Its advertisements were early advocates of the compact car: "Don't buy more car than you need ... Don't you buy a car of greater power or capacity than you need." The cars were built on a wheelbase and powered by a engine. Four-cylinder models (3245 cc and 3638 cc) were produced.
The car was comparable in size to the Ford Model T, but had three forward gears to Ford's two and the Courier was a snappier performer. Only two body styles were offered: an open, four-passenger touring car and a sporty, two-seater sportster.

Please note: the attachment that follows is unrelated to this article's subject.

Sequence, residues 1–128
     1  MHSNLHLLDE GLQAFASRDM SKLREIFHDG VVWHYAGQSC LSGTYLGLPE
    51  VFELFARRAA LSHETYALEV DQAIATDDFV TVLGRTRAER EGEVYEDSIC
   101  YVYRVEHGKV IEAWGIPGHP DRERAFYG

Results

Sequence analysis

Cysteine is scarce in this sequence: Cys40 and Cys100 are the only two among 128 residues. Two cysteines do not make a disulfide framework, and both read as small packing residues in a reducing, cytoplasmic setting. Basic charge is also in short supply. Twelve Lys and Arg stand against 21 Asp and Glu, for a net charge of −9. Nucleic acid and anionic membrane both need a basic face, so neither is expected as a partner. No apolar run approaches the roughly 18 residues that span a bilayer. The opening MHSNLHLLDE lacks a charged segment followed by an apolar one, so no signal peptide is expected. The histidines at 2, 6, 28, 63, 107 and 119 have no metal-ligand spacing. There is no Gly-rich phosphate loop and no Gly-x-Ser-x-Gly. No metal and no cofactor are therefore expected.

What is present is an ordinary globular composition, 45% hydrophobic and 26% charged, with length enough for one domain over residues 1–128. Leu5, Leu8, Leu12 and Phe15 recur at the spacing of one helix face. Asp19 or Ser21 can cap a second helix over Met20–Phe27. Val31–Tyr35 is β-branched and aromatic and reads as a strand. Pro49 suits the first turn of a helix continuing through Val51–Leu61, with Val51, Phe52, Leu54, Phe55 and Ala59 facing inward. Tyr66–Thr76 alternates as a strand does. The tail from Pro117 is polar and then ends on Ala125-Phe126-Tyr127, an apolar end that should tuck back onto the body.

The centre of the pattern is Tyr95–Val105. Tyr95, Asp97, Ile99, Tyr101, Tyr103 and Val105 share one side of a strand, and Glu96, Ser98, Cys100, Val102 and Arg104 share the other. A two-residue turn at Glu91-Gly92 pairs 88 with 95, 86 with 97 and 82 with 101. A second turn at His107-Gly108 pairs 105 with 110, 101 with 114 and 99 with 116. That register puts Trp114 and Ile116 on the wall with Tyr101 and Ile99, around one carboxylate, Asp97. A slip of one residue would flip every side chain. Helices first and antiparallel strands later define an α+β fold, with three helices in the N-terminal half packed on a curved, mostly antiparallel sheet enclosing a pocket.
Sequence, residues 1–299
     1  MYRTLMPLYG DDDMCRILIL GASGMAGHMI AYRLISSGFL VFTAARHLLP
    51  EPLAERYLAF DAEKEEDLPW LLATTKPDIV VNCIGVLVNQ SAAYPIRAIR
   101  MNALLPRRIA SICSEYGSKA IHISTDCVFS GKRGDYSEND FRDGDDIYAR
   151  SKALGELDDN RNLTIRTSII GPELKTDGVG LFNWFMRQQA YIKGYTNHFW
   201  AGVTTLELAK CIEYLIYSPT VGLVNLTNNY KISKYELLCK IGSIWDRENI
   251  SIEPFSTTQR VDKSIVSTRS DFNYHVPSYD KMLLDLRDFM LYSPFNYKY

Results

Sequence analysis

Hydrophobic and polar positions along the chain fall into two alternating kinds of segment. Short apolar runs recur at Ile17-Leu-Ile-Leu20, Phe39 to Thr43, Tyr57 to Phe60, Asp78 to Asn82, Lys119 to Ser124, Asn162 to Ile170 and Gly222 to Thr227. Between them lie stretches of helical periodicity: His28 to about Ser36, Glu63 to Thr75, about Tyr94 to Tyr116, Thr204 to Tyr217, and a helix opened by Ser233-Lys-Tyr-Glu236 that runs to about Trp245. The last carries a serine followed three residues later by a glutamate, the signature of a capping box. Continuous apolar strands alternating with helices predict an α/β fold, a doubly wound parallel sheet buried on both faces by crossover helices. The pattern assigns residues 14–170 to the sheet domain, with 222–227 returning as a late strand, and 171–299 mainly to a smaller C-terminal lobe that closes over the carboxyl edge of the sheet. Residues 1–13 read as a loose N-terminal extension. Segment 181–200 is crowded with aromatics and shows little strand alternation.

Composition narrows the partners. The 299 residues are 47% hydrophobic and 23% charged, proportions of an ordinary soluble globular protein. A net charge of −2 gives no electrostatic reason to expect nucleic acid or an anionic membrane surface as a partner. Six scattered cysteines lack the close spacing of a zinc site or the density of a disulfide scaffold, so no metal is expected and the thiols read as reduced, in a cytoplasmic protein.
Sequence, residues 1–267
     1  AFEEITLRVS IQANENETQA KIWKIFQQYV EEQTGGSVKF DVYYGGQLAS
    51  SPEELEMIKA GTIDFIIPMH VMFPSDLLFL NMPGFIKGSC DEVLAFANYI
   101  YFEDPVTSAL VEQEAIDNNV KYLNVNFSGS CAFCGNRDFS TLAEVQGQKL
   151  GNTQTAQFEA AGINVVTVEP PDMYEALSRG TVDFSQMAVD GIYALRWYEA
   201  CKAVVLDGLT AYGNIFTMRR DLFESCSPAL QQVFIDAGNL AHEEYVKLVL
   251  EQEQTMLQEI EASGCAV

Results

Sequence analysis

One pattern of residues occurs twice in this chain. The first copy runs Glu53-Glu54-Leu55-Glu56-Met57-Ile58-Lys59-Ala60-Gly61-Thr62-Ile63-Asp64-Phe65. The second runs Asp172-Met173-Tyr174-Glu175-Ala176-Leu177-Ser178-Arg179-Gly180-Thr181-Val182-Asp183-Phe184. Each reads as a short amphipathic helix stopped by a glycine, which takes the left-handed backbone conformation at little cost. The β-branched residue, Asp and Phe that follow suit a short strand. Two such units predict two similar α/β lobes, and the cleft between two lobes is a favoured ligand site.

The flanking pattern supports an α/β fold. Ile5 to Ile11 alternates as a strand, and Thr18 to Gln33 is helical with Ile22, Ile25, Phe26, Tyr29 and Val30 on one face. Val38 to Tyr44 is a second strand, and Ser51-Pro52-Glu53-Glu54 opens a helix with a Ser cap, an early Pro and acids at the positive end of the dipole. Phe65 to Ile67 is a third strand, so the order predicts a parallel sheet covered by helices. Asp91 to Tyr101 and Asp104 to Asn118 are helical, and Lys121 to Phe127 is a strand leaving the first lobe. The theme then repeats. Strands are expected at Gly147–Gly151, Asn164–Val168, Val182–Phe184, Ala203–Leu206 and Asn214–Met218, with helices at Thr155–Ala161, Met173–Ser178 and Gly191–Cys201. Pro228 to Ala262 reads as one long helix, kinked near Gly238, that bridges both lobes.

Like Stoddard-Dayton, Courier formed part in the United States Motor Company. After the acquisition by United States Motors, the 1912 models were called Courier Clermonts. Production ceased in 1913, when United States Motor Company failed.
The Courier plant occupied what had been the Kinsey Manufacturing building on the southwest corner of Wayne Avenue and State Street (now Fourth Street), which now houses the Dayton Plumbing Supply Co.
The discovery and restoration of a Courier is featured in a chapter of Ralph Steubenrauch's classic book The Fun of Old Cars.